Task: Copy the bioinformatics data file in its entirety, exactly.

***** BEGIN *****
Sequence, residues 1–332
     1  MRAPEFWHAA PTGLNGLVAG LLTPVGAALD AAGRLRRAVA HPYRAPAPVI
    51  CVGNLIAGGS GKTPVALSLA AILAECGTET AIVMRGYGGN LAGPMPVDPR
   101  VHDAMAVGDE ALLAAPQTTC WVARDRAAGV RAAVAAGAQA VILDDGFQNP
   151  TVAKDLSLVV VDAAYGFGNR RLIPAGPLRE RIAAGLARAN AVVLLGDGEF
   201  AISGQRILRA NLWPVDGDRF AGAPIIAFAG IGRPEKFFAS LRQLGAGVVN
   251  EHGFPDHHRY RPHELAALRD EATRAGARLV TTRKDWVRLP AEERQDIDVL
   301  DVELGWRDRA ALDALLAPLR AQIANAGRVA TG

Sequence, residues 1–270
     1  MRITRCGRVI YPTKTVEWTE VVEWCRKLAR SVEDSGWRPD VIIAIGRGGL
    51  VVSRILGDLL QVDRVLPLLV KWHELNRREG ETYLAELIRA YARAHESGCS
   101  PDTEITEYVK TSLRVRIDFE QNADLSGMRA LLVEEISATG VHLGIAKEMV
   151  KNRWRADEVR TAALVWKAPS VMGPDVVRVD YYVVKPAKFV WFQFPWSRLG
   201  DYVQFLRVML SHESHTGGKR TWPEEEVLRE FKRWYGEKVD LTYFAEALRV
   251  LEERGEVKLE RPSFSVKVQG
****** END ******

Sequence, residues 1–332
     1  MRAPEFWHAA PTGLNGLVAG LLTPVGAALD AAGRLRRAVA HPYRAPAPVI
    51  CVGNLIAGGS GKTPVALSLA AILAECGTET AIVMRGYGGN LAGPMPVDPR
   101  VHDAMAVGDE ALLAAPQTTC WVARDRAAGV RAAVAAGAQA VILDDGFQNP
   151  TVAKDLSLVV VDAAYGFGNR RLIPAGPLRE RIAAGLARAN AVVLLGDGEF
   201  AISGQRILRA NLWPVDGDRF AGAPIIAFAG IGRPEKFFAS LRQLGAGVVN
   251  EHGFPDHHRY RPHELAALRD EATRAGARLV TTRKDWVRLP AEERQDIDVL
   301  DVELGWRDRA ALDALLAPLR AQIANAGRVA TG

Sequence, residues 1–270
     1  MRITRCGRVI YPTKTVEWTE VVEWCRKLAR SVEDSGWRPD VIIAIGRGGL
    51  VVSRILGDLL QVDRVLPLLV KWHELNRREG ETYLAELIRA YARAHESGCS
   101  PDTEITEYVK TSLRVRIDFE QNADLSGMRA LLVEEISATG VHLGIAKEMV
   151  KNRWRADEVR TAALVWKAPS VMGPDVVRVD YYVVKPAKFV WFQFPWSRLG
   201  DYVQFLRVML SHESHTGGKR TWPEEEVLRE FKRWYGEKVD LTYFAEALRV
   251  LEERGEVKLE RPSFSVKVQG